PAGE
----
SEIU will oppose efforts to penalize working people who live in family structures different from the nuclear family model, such as “overcrowding” regulations that seek to restrict who is permitted to live together in one household and have been used to target immigrant communities and communities of color.

Thanks for Nicole Berner, SEIU Associate General Counsel, for bringing this to my attention (and telling me it was based on my book). Berner notes that this resolution allows SEIU to take positions consistent with the resolution without the need for further consideration or action. Thanks also to SEIU General Counsel Judith Scott for her decades of devotion to the labor movement.

Monday, May 25, 2009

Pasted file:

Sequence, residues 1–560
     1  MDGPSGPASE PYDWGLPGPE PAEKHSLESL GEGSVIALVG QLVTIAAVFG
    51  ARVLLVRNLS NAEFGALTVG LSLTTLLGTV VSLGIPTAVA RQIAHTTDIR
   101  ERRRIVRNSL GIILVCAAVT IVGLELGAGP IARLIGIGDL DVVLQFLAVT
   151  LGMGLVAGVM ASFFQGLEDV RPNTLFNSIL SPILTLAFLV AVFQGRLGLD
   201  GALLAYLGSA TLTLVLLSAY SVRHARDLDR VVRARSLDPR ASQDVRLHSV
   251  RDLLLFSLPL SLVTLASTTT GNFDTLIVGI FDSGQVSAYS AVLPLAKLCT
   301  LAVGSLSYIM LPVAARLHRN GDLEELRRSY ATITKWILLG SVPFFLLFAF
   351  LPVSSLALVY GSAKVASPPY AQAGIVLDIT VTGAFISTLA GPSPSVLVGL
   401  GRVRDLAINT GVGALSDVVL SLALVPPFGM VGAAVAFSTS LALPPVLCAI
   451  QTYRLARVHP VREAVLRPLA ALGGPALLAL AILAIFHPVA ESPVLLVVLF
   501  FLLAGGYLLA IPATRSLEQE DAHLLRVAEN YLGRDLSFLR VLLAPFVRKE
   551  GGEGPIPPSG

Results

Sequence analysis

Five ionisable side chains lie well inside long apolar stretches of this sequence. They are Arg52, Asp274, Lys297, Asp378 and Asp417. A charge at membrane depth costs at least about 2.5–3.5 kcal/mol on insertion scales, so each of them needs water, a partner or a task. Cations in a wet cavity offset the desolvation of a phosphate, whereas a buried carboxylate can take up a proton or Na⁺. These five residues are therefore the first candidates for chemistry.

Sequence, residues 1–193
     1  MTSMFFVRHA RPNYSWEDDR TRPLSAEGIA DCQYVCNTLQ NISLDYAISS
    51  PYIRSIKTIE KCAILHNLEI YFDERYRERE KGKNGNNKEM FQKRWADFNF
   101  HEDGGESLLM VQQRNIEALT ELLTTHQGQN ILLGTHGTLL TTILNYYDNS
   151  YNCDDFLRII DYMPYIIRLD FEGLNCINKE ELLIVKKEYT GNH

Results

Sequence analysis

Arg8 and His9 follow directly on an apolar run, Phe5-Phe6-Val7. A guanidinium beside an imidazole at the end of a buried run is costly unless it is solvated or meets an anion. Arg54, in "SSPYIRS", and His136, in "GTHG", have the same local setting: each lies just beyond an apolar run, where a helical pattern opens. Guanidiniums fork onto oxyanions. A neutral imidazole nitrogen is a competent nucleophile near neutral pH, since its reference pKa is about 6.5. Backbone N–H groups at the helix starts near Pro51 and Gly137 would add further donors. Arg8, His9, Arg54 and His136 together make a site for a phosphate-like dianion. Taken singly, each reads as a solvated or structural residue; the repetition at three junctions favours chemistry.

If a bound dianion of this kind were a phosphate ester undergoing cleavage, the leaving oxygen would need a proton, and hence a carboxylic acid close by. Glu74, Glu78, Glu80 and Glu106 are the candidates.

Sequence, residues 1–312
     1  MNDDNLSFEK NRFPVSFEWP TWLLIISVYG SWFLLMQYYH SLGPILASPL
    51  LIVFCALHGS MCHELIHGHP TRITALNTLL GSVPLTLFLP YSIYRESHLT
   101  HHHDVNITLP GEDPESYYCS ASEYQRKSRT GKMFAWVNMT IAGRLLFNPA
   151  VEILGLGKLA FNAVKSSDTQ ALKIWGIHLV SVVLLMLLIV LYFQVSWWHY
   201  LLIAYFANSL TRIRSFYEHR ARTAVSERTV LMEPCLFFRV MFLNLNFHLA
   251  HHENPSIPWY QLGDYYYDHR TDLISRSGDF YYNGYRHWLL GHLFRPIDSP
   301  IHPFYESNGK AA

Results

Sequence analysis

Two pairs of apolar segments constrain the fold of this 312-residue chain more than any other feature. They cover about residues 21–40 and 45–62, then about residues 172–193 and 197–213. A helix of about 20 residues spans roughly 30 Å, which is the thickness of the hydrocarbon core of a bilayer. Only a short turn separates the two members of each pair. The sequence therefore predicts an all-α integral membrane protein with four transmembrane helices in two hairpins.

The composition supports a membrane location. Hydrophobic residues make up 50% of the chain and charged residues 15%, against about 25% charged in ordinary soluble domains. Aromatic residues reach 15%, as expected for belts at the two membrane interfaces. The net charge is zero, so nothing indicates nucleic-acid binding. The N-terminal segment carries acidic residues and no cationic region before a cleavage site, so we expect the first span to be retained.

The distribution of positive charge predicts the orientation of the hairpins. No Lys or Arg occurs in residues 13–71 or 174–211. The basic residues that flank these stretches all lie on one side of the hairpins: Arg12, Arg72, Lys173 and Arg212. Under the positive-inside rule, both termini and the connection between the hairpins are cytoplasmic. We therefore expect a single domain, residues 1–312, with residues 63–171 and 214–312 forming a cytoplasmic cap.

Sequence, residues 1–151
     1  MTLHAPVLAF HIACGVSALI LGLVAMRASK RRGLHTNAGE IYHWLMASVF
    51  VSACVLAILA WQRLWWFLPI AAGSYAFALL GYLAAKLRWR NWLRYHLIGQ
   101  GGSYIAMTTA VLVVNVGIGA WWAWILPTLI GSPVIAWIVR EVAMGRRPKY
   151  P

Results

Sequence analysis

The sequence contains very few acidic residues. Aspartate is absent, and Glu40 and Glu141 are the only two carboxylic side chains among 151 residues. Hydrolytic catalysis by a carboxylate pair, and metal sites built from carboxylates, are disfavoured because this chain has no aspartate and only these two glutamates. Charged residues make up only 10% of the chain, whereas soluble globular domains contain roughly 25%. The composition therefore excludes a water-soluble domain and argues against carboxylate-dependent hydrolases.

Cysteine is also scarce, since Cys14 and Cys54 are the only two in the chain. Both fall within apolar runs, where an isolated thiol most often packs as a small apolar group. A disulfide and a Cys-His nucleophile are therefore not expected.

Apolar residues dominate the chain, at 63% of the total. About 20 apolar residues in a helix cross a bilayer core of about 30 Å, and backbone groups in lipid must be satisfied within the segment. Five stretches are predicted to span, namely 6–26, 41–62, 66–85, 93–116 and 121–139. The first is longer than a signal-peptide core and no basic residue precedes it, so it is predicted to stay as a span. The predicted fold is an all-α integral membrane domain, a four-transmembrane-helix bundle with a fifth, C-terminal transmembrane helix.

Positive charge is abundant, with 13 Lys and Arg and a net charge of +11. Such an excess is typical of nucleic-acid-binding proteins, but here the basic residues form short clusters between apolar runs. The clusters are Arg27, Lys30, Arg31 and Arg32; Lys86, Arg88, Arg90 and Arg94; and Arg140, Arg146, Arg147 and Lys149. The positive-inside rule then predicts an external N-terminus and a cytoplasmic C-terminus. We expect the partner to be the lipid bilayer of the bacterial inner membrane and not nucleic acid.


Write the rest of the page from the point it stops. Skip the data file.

Same-sex and different-sex domestic partners of foreign service personnel to receive benefits

The Advocate has printed the draft of a letter by Secretary of State Hillary Clinton detailing the extension of benefits to the domestic partners of foreign service personnel assigned abroad. In describing the letter, the Advocate article begins by saying it "details her intentions to extend certain benefits to same-sex partners of foreign service officers posted abroad."

This characterization of Clinton's letter is true, but it is also incomplete. The benefits will be extended to both same-sex AND different-sex domestic partners. Clinton's letter says, "At bottom, the Department will provide these benefits for both opposite-sex and same-sex domestic partners because it is the right thing to do." The Advocate article gets to this at the end of its fourth paragraph.